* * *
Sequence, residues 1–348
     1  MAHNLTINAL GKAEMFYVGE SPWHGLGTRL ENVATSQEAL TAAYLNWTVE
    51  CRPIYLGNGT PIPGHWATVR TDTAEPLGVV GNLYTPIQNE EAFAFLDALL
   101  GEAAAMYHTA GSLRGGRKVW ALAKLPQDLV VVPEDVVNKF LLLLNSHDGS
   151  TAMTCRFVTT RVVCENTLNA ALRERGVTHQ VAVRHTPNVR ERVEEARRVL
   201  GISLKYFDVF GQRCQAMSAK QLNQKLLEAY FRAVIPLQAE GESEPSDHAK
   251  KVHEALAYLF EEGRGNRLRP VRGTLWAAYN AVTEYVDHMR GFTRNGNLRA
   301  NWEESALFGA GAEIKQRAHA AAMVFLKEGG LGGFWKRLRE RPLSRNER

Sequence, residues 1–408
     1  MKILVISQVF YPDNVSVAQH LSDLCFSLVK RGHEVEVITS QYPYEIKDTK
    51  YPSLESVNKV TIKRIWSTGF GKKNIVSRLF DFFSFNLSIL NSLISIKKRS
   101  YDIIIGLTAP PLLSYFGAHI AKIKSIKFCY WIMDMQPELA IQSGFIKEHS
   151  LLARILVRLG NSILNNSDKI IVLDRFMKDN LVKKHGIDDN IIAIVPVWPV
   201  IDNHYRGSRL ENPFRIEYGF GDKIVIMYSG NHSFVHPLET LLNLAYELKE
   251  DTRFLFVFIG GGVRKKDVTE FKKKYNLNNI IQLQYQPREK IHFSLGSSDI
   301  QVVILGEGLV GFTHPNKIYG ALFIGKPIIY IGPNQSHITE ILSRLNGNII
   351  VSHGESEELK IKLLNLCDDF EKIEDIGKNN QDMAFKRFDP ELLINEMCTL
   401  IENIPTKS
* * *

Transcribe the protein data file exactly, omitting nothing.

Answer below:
Sequence, residues 1–348
     1  MAHNLTINAL GKAEMFYVGE SPWHGLGTRL ENVATSQEAL TAAYLNWTVE
    51  CRPIYLGNGT PIPGHWATVR TDTAEPLGVV GNLYTPIQNE EAFAFLDALL
   101  GEAAAMYHTA GSLRGGRKVW ALAKLPQDLV VVPEDVVNKF LLLLNSHDGS
   151  TAMTCRFVTT RVVCENTLNA ALRERGVTHQ VAVRHTPNVR ERVEEARRVL
   201  GISLKYFDVF GQRCQAMSAK QLNQKLLEAY FRAVIPLQAE GESEPSDHAK
   251  KVHEALAYLF EEGRGNRLRP VRGTLWAAYN AVTEYVDHMR GFTRNGNLRA
   301  NWEESALFGA GAEIKQRAHA AAMVFLKEGG LGGFWKRLRE RPLSRNER

Sequence, residues 1–408
     1  MKILVISQVF YPDNVSVAQH LSDLCFSLVK RGHEVEVITS QYPYEIKDTK
    51  YPSLESVNKV TIKRIWSTGF GKKNIVSRLF DFFSFNLSIL NSLISIKKRS
   101  YDIIIGLTAP PLLSYFGAHI AKIKSIKFCY WIMDMQPELA IQSGFIKEHS
   151  LLARILVRLG NSILNNSDKI IVLDRFMKDN LVKKHGIDDN IIAIVPVWPV
   201  IDNHYRGSRL ENPFRIEYGF GDKIVIMYSG NHSFVHPLET LLNLAYELKE
   251  DTRFLFVFIG GGVRKKDVTE FKKKYNLNNI IQLQYQPREK IHFSLGSSDI
   301  QVVILGEGLV GFTHPNKIYG ALFIGKPIIY IGPNQSHITE ILSRLNGNII
   351  VSHGESEELK IKLLNLCDDF EKIEDIGKNN QDMAFKRFDP ELLINEMCTL
   401  IENIPTKS